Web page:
Sunday, June 14, 2015

An incredibly naive question

At the beginning of the month Arthur Keefer posted "Could Charlie Hebdo have been prevented if France allowed religious instruction? (COMMENTARY)" on the Religious News Service's website. Though I do not oppose "religious instruction" outright I do find the idea to be very problematic. Keefer seems to be blissfully ignorant of one of the biggest problems with allowing religious instruction in public institutions. The term is rather amorphous and open to interpretation. Not everyone means the same thing when they talk about "religious instruction".

If Keefer means that a general overview of multiple faiths in terms of the most commonly accepted tenets within each and how each faith has influenced and been influenced by local, regional, and global culture, I would support such an idea. However, that still doesn't mean it would have prevented the tragedy that occurred at Charlie Hebdo. Comparative religious studies can increase tolerance in the general population that participates in such studies but it is not a panacea. Various studies have indicated that a percentage of the population will not only fail to become more tolerant but will in fact become more extreme if that is the mind-set they have already embraced. Religious instruction is just one potential mitigating factor. By itself it cannot accomplish nearly as much as Keefer seems to think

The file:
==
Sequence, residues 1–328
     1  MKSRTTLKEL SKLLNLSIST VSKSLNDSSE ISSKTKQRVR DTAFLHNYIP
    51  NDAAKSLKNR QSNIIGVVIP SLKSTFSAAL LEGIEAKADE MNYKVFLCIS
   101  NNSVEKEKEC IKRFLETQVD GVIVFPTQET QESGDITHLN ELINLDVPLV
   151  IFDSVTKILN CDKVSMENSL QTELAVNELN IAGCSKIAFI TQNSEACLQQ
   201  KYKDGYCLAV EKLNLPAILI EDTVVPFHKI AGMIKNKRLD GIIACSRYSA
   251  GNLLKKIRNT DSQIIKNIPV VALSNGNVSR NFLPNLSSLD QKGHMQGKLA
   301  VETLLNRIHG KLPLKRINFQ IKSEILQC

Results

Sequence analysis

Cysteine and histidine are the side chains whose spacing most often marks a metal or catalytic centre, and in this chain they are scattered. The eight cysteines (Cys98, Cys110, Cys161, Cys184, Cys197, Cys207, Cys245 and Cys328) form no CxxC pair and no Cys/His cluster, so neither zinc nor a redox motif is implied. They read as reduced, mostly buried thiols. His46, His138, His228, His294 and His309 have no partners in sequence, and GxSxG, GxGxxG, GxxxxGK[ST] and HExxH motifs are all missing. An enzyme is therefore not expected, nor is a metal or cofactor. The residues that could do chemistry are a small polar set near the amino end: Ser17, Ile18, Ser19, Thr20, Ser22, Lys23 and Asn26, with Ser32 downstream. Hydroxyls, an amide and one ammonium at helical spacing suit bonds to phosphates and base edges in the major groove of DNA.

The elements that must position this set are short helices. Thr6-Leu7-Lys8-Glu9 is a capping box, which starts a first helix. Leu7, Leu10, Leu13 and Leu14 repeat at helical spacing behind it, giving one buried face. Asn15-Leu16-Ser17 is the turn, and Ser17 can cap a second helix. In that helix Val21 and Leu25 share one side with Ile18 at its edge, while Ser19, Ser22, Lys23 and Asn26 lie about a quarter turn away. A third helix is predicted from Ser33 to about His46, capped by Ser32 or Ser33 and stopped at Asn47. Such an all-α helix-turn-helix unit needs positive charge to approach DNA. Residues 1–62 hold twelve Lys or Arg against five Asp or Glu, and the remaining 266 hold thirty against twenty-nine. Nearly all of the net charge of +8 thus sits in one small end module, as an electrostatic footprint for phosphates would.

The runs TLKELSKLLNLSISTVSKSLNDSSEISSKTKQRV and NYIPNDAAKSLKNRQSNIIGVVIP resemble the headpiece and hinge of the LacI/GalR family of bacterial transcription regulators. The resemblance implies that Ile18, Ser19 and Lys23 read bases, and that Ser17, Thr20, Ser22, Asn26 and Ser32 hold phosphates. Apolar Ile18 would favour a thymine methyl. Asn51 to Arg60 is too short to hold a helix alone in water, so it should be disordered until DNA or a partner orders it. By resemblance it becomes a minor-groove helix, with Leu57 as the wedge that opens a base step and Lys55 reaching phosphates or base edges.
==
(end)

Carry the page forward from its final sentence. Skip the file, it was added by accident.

Ultimately, there is just as much reason to believe that relatively strict secularization is just as effective in terms of containing and combating religious extremism as is inserting religious instruction into public education. Personally, I think we should be teaching comparative religion in public education but do not assume it will automatically quell religious extremism. I would encourage it more out of a deep seated loathing of ignorance. So long as religion is a major component of culture it should be taught in as objective a manner as possible. This, inevitably, leads to another problem Keefer overlooks and a major reason why religious conservatives will continue to oppose religious instruction over religious indoctrination. Studies have shown that the more exposure to comparative religion a given population receives the lower the rates of religiosity (in terms of organized religious observance) among that same population.

So, no, it is highly unlikely that religious instruction would have made a difference in France when it comes to the most extreme among the religious right.

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